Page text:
The other thing I often wonder about is the corporate world: are programs to promote women in corporations helping us or hurting us? In my mind, sometimes these reservations and policies to promote women hurt us more than help- somehow your growth or success is doubted or questioned because you got the special program.Programs to help women manage work/ home, options to be virtual, etc would give women the opportunity to stay in the corporate world, and they will grow in the company on their own merit. As an independent woman, don’t give me any handouts or concessions- I want to go ahead on my own merit.  In an article, New York Times noted that the number of working mothers has been dropping in the US, and is lower than other developed countries (Link)- the main reason they found is the 8 week maternity leave is too short and there aren’t family friendly policies.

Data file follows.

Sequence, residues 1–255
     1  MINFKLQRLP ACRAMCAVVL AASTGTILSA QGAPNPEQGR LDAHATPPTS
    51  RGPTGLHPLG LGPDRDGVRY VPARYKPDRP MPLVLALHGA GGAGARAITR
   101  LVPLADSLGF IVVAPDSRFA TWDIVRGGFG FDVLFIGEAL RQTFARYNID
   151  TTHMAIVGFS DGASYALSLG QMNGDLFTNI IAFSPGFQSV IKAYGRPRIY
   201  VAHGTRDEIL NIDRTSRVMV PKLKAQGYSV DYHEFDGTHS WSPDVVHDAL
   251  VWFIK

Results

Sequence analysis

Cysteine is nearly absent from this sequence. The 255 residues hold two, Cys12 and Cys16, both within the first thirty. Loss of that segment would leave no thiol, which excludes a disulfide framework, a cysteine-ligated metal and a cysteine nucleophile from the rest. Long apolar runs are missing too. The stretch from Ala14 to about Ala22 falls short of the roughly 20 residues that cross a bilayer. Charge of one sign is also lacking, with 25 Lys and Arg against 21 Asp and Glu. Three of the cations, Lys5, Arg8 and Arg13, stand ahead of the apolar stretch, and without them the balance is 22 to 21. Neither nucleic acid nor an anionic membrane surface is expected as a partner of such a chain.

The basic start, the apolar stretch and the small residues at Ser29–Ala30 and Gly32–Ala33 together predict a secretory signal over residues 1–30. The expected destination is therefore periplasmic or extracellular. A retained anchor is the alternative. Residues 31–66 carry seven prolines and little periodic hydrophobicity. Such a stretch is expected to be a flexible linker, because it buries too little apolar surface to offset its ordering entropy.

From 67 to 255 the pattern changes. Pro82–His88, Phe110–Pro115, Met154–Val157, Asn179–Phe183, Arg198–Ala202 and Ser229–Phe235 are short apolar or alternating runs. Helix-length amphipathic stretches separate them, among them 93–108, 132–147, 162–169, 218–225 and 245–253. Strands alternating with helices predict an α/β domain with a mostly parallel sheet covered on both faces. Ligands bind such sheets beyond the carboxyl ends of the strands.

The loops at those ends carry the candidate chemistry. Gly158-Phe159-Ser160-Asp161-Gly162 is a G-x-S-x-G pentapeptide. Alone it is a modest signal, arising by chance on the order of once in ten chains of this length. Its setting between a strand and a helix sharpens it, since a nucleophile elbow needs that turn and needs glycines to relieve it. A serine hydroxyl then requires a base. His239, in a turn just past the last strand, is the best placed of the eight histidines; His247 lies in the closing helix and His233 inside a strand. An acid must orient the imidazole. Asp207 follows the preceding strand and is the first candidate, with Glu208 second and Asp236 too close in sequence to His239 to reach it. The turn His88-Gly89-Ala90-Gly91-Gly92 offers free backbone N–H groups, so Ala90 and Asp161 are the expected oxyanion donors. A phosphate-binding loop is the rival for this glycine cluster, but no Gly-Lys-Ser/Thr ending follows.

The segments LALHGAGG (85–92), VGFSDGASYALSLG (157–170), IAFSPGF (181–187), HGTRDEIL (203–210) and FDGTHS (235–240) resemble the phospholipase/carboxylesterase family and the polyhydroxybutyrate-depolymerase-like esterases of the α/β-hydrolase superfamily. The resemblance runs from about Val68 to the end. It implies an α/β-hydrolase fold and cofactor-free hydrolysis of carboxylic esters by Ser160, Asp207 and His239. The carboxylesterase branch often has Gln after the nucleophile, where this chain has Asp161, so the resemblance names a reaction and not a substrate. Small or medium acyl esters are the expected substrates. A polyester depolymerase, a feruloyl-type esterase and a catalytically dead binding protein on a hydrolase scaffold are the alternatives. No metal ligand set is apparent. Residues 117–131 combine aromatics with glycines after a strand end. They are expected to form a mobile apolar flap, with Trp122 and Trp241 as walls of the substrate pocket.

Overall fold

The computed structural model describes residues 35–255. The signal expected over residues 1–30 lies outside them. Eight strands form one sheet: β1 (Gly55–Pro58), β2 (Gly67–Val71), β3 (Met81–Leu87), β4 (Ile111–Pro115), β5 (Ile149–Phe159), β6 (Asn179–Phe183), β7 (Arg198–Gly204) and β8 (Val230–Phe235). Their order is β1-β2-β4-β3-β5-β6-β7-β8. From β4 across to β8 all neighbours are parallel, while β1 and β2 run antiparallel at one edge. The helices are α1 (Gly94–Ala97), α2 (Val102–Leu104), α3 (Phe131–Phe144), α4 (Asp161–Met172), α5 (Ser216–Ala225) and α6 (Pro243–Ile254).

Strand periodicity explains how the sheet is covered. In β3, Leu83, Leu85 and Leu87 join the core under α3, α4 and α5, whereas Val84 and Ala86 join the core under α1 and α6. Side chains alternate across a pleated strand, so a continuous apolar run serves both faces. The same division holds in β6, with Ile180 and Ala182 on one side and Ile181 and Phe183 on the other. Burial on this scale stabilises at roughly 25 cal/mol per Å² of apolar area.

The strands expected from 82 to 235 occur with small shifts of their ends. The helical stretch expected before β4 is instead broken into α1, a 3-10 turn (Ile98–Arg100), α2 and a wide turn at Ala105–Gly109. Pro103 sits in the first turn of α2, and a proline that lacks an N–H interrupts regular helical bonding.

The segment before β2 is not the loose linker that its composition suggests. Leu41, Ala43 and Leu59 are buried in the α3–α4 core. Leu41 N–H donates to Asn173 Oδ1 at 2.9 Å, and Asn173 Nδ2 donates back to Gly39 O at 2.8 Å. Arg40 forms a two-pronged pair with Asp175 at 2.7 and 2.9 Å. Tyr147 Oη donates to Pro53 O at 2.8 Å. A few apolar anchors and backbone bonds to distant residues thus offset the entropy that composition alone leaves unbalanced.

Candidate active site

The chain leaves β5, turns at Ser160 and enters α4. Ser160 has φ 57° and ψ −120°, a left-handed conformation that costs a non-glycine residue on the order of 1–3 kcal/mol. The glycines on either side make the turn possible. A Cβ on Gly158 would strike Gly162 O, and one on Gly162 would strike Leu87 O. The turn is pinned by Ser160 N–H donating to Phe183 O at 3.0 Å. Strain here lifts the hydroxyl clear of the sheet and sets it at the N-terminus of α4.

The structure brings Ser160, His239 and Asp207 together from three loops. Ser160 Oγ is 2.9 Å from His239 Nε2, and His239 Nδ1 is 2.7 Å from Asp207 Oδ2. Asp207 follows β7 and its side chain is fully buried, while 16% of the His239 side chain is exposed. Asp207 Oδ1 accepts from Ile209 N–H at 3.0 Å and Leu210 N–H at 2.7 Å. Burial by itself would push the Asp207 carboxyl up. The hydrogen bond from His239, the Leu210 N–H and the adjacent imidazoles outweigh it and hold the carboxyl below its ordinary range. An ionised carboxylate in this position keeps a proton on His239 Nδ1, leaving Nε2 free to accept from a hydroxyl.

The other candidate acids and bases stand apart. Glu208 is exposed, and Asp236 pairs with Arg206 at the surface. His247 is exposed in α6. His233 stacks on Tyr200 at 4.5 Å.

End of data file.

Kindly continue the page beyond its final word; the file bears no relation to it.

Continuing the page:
There is a lot of debate on the “having it all” idea- I wrote about this in an earlier post: (My musings on the article: Why Women Still Can’t Have It All). I think women leaders have an opportunity to lead the dialogue and direct it to a more inclusive direction- inclusive because maybe you managed your work and home without flexible hours, but you cannot take that option away from someone who can’t (I am looking at you, Marissa Meyer). Women need to support each other- backing our individual paths to ensure that we can carve our own paths. And there is hope: Katherine Zaleski, president of PowerToFly recently discussed with Fortune how she used to judge other working women until she had a child of her own. She co-founded a startup which matched women with technical skills with jobs that they could do from home. (Link). Stories like this give me hope of a more inclusive women workforce.